Generally speaking, a speed limit is a posted sign that will tell you the maximum speed limit that you’re allowed to go. Under the law, you absolutely have to follow a speed limit. If you’re going below the speed limit, at some point, you can actually get in trouble for going too slowly in a certain speed zone. If a speed limit is posted, you’re required as a driver in Fairfax to be aware of the signs that are posted and to follow those directions and go that speed. If you are going above that speed an officer may pull you over and give you a ticket or charge you with reckless driving in cases. When this occurs, you may be facing a number of different penalties and should consult with a speeding ticket lawyer in Fairfax right away.
The speed limit is determined by various organizations that have decided after driving roads, and seeing road traffic and different patterns and crashes, etc. what the safe speed limit is for that road. They’ve already conducted tests and they’ve already decided that that is a safe speed limit. Somebody can come in and say that he or she can actually drive 10 mph over the speed limit, even if you are driving safely at that particular speed, but the problem is that you’re still in violation of the speed limit as determined by the State of Virginia.
The State of Virginia already put in the effort into making the test happen and already have decided that the speed needs to be followed on the particular roads. It’s not something where you are allowed to make an individual judgment call on what speed is safe and what speed is not. Unfortunately, the statute doesn’t ask if are you driving safely on a certain road; it mandates that you follow the speed limit.
By law, there should be a sign posted every few miles, if not less, in Fairfax. Generally, the de facto speed limit on highways in Virginia is 55 mph. If you’re not sure what the speed limit is, 55 mph is a safe bet to stay at. On smaller roads, in residential areas, the speed limit is usually around 25 mph. However, if the limit deviates from this, there will be speed limit signs posted, either at the beginning of a residential area as you enter it or every couple of miles along some kind of freeway, highway, or slightly larger road.
When somebody is exceeding the speed limit, it depends on what you are specifically charged with. You might be charged with speeding, or you might be charged with the misdemeanor reckless driving. In either case, if you are charged with exceeding the speed limit, the first way to defend it would be to have your attorney check the officer’s calibration on whichever device he or she used to detect your speed, whether it be Lidar, or radar, or pacing.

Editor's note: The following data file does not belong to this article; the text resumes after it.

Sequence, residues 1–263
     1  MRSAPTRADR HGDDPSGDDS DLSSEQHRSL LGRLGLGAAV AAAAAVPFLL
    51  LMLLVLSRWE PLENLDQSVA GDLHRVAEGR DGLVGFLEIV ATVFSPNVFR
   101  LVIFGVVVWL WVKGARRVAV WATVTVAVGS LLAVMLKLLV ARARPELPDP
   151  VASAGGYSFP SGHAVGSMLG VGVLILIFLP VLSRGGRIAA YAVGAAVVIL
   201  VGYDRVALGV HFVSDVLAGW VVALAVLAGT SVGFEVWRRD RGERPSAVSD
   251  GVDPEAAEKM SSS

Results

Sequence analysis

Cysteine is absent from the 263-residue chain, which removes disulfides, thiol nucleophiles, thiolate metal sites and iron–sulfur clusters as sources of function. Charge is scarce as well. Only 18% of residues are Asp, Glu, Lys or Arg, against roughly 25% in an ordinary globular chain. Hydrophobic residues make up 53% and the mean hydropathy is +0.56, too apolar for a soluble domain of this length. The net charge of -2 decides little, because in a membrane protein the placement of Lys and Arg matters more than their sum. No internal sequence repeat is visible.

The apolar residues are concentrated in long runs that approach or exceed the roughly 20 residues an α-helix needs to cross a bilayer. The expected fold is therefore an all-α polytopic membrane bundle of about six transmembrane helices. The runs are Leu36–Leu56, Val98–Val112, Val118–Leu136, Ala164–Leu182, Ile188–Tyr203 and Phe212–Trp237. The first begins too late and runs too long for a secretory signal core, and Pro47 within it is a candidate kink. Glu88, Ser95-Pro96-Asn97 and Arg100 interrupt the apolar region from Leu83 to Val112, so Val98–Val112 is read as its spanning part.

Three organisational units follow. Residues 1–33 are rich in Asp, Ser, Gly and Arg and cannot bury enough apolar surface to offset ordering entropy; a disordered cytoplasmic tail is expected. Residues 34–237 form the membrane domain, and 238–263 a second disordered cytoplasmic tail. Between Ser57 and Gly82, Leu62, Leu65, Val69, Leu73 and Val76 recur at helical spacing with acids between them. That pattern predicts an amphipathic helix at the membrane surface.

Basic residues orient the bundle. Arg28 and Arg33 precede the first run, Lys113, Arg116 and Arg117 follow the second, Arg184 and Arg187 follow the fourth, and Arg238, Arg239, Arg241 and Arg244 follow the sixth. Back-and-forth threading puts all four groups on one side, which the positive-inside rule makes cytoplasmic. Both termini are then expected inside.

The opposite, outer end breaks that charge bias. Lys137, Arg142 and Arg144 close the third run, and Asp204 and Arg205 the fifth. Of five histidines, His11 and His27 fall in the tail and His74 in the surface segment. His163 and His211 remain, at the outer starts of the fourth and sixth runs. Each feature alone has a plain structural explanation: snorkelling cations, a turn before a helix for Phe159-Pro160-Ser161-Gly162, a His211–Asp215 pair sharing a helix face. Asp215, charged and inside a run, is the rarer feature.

Whenever somebody is driver faster than the speed limit of Virginia, a lot of the smaller details come into play because it’s a really difficult thing to contest if the officers have the necessary evidence; either you were speeding or you were not. As far as being guilty or innocent, it’s more about whether or not it was accurately calculated. If it was accurately calculated, it’s going to be more difficult to take this in front of the court and have them find you not guilty.
There would only be one scenario in which that might be an appropriate defense and it would be if it were impossible for you to move over to a slower lane or to get out of the lane of traffic; for instance, if somebody was tailgating you from behind, somebody was cutting you off in the front, and somebody was to your right and therefore not allowing you to actually slow your speed down. Otherwise, judges and police officers don’t appreciate this defense, and in fact are usually pretty upset by it, because in their opinion just because other people are breaking the law doesn’t mean that you should too.
According to the statute, you were either going above the speed limit or you were going the speed limit. That said, prosecutors and judges are sometimes amenable to listening to some of the argument that it was an exceptional circumstance especially if you have an excellent record, you’ve never been in trouble for speeding before, and you had a once-in-a-lifetime situation. Hypothetically, you were rushing your pregnant wife to the hospital or you were dealing with a situation where you simply had to go a little bit faster. Tell your attorney any reasons you had for your speed, and they might be able to use this information to convince either the judge or the prosecutor to make an exception in your case.